ChatGPT can provide AI therapy — what that means for you

A brain
(Image credit: Shutterstock/Andrus Ciprian)

May is Mental Health Awareness month and although taking care of our mental health is no longer a taboo subject, it can be prohibitively expensive or require months on a waiting list. Artificial intelligence won't beat a trained therapist or mental health professional (so please speak to someone if possible) but the likes of ChatGPT may be able to provide a useful stopgap.

ChatGPT will always implore you to seek professional help and, if prompted, offers a generic list of helpful techniques. It's similar to how a Google search would operate, but the conversational acumen of OpenAI’s software could be a real help with talking therapy. Specific approaches, such as Cognitive Behavioral Therapy (CBT), may also benefit from an AI infusion. 

ChatGPT on anxiety

(Image credit: ChatGPT)

It might not work for everyone but even the illusion of having a conversation about mental health could allow people to open up and seek treatment. Some people may even prefer the fact that talking to an AI means they don’t have to confess thoughts and feelings to another human. 

At the very least it could be a useful way to “top up” between professional therapy sessions.

Potential uses of conversational AI in therapy 

OpenAI has not claimed ChatGPT has any therapeutic qualifications but perhaps a mental health group could use a ChatGPT Plugin to train the AI on certified practices and offer professional-level responses. 

As a teenager, I had CBT therapy and one big aspect of it for me involved modeling situations that caused me anxiety. One of my biggest problems was using public transport, something I now do every day. I was regularly asked to imagine the situation that made me anxious, for example: buying a bus ticket, and then act it out with my therapist. AI could excel at this situation, providing patients a way to model social situations without the pressure of real eyes on them.

ChatGPT on mental health

(Image credit: ChatGPT)

One of the negative thought processes often cited in CBT is catastrophizing — assuming the worst possible outcome is bound to happen. By practicing a task such as buying a bus ticket, even with AI, patients could build up the confidence to try it in real life and then challenge this negative thought process with their own evidence.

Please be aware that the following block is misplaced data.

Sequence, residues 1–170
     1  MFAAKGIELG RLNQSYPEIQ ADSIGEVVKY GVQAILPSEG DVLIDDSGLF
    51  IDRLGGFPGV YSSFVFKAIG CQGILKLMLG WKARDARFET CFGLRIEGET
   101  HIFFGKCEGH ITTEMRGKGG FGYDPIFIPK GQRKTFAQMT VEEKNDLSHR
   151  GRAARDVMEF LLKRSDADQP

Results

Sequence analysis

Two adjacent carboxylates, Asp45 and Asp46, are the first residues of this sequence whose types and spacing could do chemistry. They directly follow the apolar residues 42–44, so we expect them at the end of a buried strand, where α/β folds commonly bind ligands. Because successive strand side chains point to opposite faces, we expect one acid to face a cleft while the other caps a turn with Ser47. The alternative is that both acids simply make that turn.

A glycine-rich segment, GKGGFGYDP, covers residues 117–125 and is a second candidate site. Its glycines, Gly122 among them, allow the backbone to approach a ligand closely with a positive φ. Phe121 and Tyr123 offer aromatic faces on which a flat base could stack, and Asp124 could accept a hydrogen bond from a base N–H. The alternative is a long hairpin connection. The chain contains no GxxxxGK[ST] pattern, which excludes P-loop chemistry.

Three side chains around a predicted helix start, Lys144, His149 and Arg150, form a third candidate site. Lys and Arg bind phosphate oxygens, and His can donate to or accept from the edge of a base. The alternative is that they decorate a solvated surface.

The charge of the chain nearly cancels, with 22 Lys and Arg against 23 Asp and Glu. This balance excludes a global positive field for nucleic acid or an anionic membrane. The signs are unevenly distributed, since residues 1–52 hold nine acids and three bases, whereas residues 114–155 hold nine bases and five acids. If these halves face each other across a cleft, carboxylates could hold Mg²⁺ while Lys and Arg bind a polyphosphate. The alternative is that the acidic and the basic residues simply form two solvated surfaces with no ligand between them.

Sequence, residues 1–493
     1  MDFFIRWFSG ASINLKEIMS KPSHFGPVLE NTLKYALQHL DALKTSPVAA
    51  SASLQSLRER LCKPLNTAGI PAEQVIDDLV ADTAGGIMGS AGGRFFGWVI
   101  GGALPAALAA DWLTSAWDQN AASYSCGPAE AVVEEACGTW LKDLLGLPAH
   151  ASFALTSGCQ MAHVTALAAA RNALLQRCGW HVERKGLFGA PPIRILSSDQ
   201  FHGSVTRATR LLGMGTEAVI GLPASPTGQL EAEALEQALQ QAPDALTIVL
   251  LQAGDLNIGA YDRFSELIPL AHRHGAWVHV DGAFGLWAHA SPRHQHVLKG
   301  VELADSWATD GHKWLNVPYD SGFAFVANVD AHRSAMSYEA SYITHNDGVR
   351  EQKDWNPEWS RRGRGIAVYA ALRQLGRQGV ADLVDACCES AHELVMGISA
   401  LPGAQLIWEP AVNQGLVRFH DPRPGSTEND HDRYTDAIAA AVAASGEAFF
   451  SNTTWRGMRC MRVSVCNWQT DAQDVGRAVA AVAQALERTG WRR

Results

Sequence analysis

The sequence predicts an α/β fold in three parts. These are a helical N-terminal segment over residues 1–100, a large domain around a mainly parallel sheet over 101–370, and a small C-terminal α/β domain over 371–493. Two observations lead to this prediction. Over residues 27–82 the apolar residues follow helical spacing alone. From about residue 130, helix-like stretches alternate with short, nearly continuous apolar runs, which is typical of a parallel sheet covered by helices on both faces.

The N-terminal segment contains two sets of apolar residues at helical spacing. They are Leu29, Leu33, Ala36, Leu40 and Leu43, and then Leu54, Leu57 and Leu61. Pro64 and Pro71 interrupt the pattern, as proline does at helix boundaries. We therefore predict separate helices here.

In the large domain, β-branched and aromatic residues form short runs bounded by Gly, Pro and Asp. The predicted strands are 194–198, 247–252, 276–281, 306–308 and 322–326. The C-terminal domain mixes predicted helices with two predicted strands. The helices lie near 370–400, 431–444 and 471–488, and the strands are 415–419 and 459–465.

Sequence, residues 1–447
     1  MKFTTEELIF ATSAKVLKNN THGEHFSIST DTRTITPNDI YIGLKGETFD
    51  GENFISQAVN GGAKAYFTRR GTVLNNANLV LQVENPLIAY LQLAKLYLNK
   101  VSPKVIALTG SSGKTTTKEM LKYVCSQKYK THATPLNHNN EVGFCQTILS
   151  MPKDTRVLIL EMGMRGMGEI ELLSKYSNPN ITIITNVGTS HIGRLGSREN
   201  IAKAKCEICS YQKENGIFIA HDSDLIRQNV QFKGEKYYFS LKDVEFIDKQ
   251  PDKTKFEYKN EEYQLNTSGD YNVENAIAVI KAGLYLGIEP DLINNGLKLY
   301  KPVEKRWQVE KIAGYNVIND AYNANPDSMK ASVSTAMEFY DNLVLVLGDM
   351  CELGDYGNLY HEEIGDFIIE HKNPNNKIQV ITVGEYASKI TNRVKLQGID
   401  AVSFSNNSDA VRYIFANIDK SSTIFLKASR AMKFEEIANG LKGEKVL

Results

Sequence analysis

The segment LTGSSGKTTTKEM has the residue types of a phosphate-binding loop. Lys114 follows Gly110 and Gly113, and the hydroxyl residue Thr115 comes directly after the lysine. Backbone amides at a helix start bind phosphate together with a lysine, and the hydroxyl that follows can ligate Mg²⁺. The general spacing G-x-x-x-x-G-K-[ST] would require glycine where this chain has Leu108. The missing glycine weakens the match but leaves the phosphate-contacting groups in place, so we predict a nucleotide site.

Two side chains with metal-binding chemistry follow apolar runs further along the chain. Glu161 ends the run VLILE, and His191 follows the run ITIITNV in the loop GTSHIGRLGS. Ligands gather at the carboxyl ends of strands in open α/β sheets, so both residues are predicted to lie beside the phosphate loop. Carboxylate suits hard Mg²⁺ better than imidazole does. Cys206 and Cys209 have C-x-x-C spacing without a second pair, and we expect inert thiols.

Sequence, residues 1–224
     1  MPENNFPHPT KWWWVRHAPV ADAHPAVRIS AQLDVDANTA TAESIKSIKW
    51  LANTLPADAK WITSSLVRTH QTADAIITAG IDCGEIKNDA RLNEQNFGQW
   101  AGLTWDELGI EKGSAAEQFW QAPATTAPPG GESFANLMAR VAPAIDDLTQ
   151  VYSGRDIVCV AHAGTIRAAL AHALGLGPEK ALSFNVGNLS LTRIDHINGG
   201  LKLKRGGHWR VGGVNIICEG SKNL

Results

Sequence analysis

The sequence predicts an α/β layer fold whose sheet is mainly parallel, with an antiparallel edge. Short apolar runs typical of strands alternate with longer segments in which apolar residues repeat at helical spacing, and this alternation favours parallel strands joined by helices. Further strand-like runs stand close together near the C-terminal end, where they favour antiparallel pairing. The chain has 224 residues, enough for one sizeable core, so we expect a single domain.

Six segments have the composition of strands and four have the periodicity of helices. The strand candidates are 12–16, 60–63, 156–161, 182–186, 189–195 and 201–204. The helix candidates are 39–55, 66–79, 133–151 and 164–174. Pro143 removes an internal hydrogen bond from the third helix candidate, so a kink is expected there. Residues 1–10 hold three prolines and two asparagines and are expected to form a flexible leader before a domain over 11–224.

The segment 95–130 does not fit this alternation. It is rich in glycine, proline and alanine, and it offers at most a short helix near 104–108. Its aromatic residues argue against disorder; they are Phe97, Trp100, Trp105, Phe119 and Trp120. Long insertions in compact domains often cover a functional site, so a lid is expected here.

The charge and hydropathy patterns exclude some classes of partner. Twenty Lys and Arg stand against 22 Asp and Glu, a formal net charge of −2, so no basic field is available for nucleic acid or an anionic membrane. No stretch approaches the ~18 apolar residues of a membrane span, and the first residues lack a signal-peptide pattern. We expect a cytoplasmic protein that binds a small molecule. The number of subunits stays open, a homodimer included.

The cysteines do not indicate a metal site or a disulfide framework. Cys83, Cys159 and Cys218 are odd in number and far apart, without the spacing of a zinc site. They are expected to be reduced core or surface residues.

Areas of concern 

AI may help some, but it needs to be used cautiously. Many may feel as though being treated with an AI shows they aren’t even worth someone’s time. It's absolutely not the case, but an easy impression to get. 

There are concerns about AI treatment even from those who currently use the technology. One firm, Wysa, has an AI-powered penguin chatbot that looks out for the wellbeing of its over 5 million users. But even its founder Ramakant Vempati told AlJazeera: “We don’t use generative text, we don’t use generative models. This is a constructed dialogue, so the script is pre-written and validated through a critical safety data set, which we have tested for user responses.” The potential impact of an open-ended AI like ChatGPT going off script and encouraging the wrong viewpoint or giving bad advice could be very dangerous.

Of course on matters of emotion, a computer-generated response will never be as good as a human one. Artificial intelligence may be intelligent, but people need feelings of validation and empathy from building a rapport with another human in the form of a therapist. Professionals are trained to spot risk and potential red flags that would often be near impossible for a machine to do.

As it stands, AI could be a useful tool for our mental health, but only if supplemented and recommended by professionals. This could change in the future but, for now, there's no right answer.

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Andy Sansom
Trainee Writer

Andy is Tom’s Guide’s Trainee Writer, which means that he currently writes about pretty much everything we cover. He has previously worked in copywriting and content writing both freelance and for a leading business magazine. His interests include gaming, music and sports- particularly Formula One, football and badminton. Andy’s degree is in Creative Writing and he enjoys writing his own screenplays and submitting them to competitions in an attempt to justify three years of studying.